The second interpretation of I Kings 18:37 is that it refers to God turning the hearts of Israel towards himself, the true God.  In its favor is that fact that there are passages in which “and you shall know that I am the LORD when I have done such-and-such” refers to a future event: the “such-and-such” may be in the past tense grammatically, but it’s referring to an event that will take place in the future (see Exodus 10:2; Isaiah 41:20; Ezekiel 21:5).  So Elijah is asking God to send fire on the Yahwist altar so that Israel will know that God is the one who brought them to repentance, after the fire has come down, that is.

Then there are different interpretations of how God brings Israel to repentance.  Does God make the Israelites repent in a Calvinist, “irresistable grace” sort of way?  Or does God influence them to repent by the miracle of sending the fire onto Elijah’s altar, which gets their attention and leads them to the realization that the LORD is the true God? 

If I’m reading the Jewish commentator Rashi correctly, Rashi goes with the view that God turned the hearts of the Israelites towards Baal, yet he asserts that the Israelites’ free-will was still in the equation.  He states:  You have given them a place to turn away from following You, although You were able to direct their hearts toward You.  Rashi appears to be saying that God allowed the Israelites to turn away from him, not that he forced them to do so.

What’s interesting is that, even in Isaiah 63:17—a verse that says God has hardened the Israelites’ hearts and caused them to err—the Israelites are asking God not to do so, but to lead them to repentance.  So, somehow, the Israelites are still able to reject their hardening and to desire something better.  This may relate to some of Ken Pulliam’s discussions on original sin, and how God can hold us responsible for sin when we’re born with a sinful nature—see Christian Philosophers Attempt to Defend “Original Sin”–Part One, Christian Philosophers Attempt to Defend “Original Sin”–Part Two, and Paul Copan’s Comments on the “Original Sin” Post

Speaking of free-will and determinism, I was thinking this week about my quiet time on I Kings 16—see The Old South, I Kings 16.  In I Kings 16, God uses General Omri to punish King Zimri for his sins.  Omri acts according to his own personal ambition, yet God is somehow using him to effect his righteous will.  Is Omri’s God’s puppet?

My thought this week was essentially, “Who cares?”  I’m going to live my life assuming that I have free-will—that God is not using me as a puppet.  That gives me hope: I don’t have to make the same mistakes, but I can choose a different path.  It’s in my hands!  Yet, some in Alcoholics Anonymous would say that I’m flawed, that I need to trust in God to keep me sober and work with God, who will remove my character defects.  Part of me agrees with that point-of-view.  So, on a practical level, I need free-will, but I also want God’s help.  And, personally, I don’t think that God is going to use me to do something bad for his glory.  God has brought me to the point where I desire good, not bad.  And, in my opinion, God only uses the selfish ambition of man (as he did with Pharaoh or Omri) when that selfish ambition is already there!  God doesn’t put it there, but he uses what is there.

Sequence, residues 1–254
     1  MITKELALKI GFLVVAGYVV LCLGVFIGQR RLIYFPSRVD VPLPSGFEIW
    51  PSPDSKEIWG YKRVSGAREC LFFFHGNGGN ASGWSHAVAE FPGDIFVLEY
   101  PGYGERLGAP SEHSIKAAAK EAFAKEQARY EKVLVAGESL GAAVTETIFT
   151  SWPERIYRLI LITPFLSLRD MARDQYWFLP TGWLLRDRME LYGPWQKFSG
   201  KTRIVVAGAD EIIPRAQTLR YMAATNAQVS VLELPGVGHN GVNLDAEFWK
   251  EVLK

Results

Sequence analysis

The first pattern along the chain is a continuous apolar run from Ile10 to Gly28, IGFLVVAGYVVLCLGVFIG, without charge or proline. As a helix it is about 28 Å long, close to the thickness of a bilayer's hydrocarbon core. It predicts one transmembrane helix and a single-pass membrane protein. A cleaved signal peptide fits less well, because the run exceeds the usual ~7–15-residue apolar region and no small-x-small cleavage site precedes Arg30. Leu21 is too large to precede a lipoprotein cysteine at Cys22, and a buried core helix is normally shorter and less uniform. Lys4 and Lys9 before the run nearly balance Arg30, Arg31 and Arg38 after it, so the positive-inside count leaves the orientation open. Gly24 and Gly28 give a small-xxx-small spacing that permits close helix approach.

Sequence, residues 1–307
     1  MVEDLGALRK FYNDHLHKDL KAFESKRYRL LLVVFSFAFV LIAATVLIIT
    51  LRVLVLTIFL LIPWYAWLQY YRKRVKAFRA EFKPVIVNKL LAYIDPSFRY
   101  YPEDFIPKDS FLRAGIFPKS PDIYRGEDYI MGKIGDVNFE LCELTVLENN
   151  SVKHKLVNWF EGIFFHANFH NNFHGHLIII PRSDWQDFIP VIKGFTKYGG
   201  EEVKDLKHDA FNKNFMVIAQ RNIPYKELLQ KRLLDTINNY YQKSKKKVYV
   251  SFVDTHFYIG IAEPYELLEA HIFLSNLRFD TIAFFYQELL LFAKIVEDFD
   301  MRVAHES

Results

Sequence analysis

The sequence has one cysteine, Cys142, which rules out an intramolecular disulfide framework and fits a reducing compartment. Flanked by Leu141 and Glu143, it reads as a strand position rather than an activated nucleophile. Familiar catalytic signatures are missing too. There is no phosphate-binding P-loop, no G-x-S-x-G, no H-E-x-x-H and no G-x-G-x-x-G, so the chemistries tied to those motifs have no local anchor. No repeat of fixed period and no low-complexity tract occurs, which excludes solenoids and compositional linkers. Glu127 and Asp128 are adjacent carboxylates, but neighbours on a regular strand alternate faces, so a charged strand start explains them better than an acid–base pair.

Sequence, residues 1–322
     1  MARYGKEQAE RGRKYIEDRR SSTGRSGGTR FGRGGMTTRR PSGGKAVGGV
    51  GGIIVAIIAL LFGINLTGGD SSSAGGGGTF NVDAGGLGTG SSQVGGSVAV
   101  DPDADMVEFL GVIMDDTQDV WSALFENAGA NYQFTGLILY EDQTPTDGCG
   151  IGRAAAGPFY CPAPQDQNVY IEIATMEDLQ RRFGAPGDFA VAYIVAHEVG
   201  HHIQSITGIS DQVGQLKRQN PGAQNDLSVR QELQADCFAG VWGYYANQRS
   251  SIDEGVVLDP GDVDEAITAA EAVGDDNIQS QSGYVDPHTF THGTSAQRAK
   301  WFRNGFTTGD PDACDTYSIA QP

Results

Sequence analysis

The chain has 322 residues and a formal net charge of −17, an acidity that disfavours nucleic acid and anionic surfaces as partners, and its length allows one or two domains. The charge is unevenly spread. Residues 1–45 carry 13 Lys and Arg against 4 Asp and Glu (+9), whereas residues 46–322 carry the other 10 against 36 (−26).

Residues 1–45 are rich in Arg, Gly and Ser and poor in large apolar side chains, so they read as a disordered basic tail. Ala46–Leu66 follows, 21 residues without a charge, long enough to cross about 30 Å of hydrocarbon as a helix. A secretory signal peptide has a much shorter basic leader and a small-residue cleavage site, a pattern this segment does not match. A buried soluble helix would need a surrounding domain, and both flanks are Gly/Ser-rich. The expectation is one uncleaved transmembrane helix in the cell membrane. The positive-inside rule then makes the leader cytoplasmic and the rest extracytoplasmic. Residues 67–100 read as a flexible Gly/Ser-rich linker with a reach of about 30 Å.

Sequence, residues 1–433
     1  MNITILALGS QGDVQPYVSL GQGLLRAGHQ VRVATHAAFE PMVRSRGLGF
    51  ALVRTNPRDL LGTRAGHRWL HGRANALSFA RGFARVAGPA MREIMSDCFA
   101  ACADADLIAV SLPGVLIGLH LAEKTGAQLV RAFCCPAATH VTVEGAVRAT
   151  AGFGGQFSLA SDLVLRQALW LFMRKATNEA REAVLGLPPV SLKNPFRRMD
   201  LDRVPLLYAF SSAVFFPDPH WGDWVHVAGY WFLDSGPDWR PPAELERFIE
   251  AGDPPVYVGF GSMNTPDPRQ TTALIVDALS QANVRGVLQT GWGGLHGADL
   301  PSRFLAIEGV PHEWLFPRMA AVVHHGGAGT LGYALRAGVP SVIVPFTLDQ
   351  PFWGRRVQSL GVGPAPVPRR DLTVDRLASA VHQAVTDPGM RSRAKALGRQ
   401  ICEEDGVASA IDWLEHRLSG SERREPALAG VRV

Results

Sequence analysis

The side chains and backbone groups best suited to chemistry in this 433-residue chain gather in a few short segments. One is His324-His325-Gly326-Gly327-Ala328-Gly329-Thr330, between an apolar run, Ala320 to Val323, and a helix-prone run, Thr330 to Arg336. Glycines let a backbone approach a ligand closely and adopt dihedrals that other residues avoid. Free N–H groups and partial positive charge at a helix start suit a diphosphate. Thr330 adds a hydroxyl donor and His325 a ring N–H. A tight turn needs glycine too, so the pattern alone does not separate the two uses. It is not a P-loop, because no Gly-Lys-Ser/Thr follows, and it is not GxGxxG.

I also encountered a beautiful lesson in Rashi.  In I Kings 18:26, “he”—presumably Elijah—gives the prophets of Baal the bullock that they will use for their offering.  This is in tension with other parts of the chapter.  V 23 says that the prophets of Baal are giving out the two bullocks that are to be used in the competition between them and Elijah, and v 25 states that the prophets of Baal select the bullock that they will use.  One scholar I read said that Elijah was trying to avoid the charge that he was fixing the contest, so he allowed the prophets of Baal to select their own bullock.

So what’s Rashi say about v 26?  He says that the bullock that the Baalites selected tried to get away, for he didn’t want to be offered to a false god.  But Elijah told the bullock that God will be glorified through that act, and Elijah then gave the bullock back to the Baalites.  So there’s a lesson here about God using people and animals for his glory.

Published in: on March 14, 2010 at 1:44 am  Comments (1)  

Phyllis Schlafly’s Positive Woman 6, I Kings 17

1.  Here’s an interesting quote from my reading today of Phyllis Schlafly’s Power of the Positive Woman:

George Gilder demonstrates in his book Sexual Suicide that the family is the institution that has civilized the male.  It enables female stability and nurture to prevail over masculine mobility and violence.  Man’s role as family provider gives him the incentive to curb his primitive nature.  Everyone needs to be needed.  The male satisfies his sense of need through his role as provider for the family.  If he is deprived of this role, he tends to drop out of the family and revert to the primitive masculine role of hunter and fighter.  (96)

2.  For my weekly quiet time this week, I studied I Kings 17.  According to v 1, Elijah is from Gilead.  In Genesis Rabbah 71, there’s a rabbinic debate about the meaning of the word “Gilead.”  One rabbi interprets Gilead to be the geographical region in the Transjordan—the area that is east of the Jordan, where Gad, Reuben, and the half-tribe of Manasseh chose to settle, instead of the Promised Land (Numbers 32).  He contends that Elijah is from the tribe of Gad, which is traditionally the location of Tishbi (Elijah’s town).  This is most likely the correct interpretation, but something confuses me.  In I Kings 17:3, after Elijah tells King Ahab of Northern Israel that it will not rain until he (Elijah) says so, God tells Elijah to go east to the Wadi Chereth, which is in front of Jordan.  Many maps put Tishbi close to the Wadi Cherith.  But why would God need to tell Elijah where the Wadi Chereth is, if Elijah is from that area?  Wouldn’t Elijah already know?  Or is the part in v 3 about the Wadi’s location something the author inserted for the benefit of the reader, who may not know where it is?